Here then is another change to Bayh-Dole that would be welcome.  Under 35 USC 202(c)(5), Bayh-Dole requires agencies to treat any periodic reporting on utilization of subject inventions to be treated as “privileged and confidential.”  Modify Bayh-Dole to require annual reporting by each university or nonprofit contractor, and require that for each subject invention reported, that the university report for public release (1) the date on which it elects whether or not to retain title, and whether it so elects to retain title; (2) the status of patenting, whether a provisional or utility application has been filed, or a patent has issued, and if there are foreign applications or the prospect for continuations;  (3) the status of the invention, whether licensed or not (and if licensed, whether exclusive), whether being further developed or not (and if so, whether by the university or others), whether being used or not (by the university, or by others, or both); and (4) the date of first commercial sale or use (which is specified in 37 CFR 401.14(a)(h)).

Such information can be disclosed publicly without revealing the nature of the invention, the specifics of the patent work, the identity of any licensee, or any financial or commercial considerations.  This information would show, for a given set of reported inventions, the core institutional positions with regard to those inventions–ownership, development, licensing, commercial sale or use.  Doing so would provide context for the condition of inventions brought into a university invention management program, whether by compulsion or voluntarily.  If a university is taking on more work than it can service, there’s a problem.  But one would never know it from the reporting of aggregate figures and success stories, which hide a few out of scale transactions in 20 years of lump sums.

If one wanted to really get at the cost and return of any such university patent licensing program, the university would also report (5) the total expenditures and obligations directed at the licensing operation, including salaries, operations, legal expenses, payments to inventors and others, professional development, leased space, and an estimate of associated indirect costs; and (6) total income from licensing.  The NSF, perhaps, ought to include these figures in its survey of university R&D expenditures.  These numbers in any given year may be out of sync–one could spend this year, and appear to lose money, but as a result have a big license with lots of income for the next decade.  Over a period of time, however, it should be possible to see whether a program is consistently running at breakeven or better.  With a “big hit” license, likely it will, and for some time.  It may be that even without a “big hit” such programs should be subsidized–there are good arguments for that, especially as a program is directed at building standards and broad access rather than at monopoly positions.  But one would never know how to make such an argument without seeing the actual financials.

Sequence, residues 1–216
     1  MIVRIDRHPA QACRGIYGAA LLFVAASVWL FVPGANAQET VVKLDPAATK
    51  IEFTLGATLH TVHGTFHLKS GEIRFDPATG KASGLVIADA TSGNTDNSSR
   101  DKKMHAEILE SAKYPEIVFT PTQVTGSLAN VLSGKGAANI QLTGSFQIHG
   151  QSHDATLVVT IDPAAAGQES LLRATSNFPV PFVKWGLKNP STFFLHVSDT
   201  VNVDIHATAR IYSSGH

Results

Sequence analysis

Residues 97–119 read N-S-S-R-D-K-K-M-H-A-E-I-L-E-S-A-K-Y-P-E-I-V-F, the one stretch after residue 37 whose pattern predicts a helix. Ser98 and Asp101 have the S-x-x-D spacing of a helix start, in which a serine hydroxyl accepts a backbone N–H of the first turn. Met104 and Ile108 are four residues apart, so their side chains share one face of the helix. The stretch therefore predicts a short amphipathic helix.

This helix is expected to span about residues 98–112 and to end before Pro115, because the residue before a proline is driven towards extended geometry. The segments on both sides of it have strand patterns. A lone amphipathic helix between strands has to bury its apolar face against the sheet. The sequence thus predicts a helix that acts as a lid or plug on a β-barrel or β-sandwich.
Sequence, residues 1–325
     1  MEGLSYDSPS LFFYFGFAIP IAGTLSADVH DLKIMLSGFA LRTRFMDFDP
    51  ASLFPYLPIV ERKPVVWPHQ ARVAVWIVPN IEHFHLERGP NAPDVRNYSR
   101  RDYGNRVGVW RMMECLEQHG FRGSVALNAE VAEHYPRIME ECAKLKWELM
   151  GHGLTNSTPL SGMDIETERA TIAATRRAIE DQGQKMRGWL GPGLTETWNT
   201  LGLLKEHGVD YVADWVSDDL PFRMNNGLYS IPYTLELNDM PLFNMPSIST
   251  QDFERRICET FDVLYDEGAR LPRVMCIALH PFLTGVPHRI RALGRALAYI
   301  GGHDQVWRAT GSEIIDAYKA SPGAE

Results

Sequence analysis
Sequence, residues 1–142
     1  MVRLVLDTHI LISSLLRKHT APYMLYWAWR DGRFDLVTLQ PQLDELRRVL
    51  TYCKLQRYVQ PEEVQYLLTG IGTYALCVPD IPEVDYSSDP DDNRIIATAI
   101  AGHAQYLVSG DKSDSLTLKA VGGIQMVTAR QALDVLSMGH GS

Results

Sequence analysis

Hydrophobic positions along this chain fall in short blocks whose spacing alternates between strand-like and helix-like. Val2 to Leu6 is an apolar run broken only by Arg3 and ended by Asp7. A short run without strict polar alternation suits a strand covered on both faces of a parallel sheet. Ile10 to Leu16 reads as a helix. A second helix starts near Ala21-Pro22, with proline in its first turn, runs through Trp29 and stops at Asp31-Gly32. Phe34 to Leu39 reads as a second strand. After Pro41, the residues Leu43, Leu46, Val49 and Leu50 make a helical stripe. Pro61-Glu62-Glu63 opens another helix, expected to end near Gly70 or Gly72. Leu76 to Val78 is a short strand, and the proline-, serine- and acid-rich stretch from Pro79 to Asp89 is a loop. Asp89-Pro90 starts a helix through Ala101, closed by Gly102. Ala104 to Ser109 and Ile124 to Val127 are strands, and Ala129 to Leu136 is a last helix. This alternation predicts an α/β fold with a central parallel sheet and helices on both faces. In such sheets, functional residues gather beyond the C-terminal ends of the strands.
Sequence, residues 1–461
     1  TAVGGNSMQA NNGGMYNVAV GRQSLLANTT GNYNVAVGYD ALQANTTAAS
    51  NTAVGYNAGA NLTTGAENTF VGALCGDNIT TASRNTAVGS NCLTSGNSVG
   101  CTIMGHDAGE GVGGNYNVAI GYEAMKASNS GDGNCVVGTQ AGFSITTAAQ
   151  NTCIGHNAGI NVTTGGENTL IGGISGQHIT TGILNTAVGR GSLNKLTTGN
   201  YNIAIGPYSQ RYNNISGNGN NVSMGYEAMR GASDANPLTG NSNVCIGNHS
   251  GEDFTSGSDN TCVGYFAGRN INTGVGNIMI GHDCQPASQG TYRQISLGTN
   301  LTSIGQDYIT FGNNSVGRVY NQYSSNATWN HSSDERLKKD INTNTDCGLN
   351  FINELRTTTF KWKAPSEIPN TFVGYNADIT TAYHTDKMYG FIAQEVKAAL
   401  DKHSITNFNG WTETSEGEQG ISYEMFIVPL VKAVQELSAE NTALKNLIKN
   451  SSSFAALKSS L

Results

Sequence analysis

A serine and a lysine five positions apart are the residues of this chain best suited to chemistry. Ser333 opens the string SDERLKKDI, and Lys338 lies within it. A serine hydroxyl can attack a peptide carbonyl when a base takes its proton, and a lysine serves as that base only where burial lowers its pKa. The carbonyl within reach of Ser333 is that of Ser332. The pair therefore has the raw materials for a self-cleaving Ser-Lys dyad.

Unfortunately, it appears that the primary rationale administrators have for subsidizing a patent licensing program is the hunt for the “big hit” deal.  The purpose of such a subsidy is to be able to file more patent applications–and thereby claim a larger share of faculty research–without having any sponsor, donor, or licensee willing to pick up some or all of the costs.  The operative idea is that it is worth the institution’s money to prevent anything from being successful without the university having a stake in the success, and more than that, without the university controlling the choice, structure, and its stake in the transaction.  Under this approach, the subsidy is to expand the capacity to withhold (from inventors, from other investigators, from practitioners, from industry, from entrepreneurs, from investors), but not necessarily to promote the use of the invention.

Administrators are easily sold on this kind of subsidy as it is described as an “investment” or “entrepreneurial.”  However, they are not willing, like recalcitrant gamblers, to present the outlays and the returns.  There is always the hope of a hundred million dollar invention, like a lottery ticket or a bay horse, that will wash away all losses and turn the “investment” into “success”.  Again, all it takes is one invention every twenty years to go this way, providing slush money for the past expenditures.  The foolishness in this approach is in thinking that the hundred million dollar invention is somehow more likely if the university takes all inventions from faculty, to ensure that none escape “out the back door.” An alternate suggestion is that the hundred million dollar invention comes about as a result of outlier, black swan luck, and the best chance for a university to participate in any financial upside is goodwill and visible support.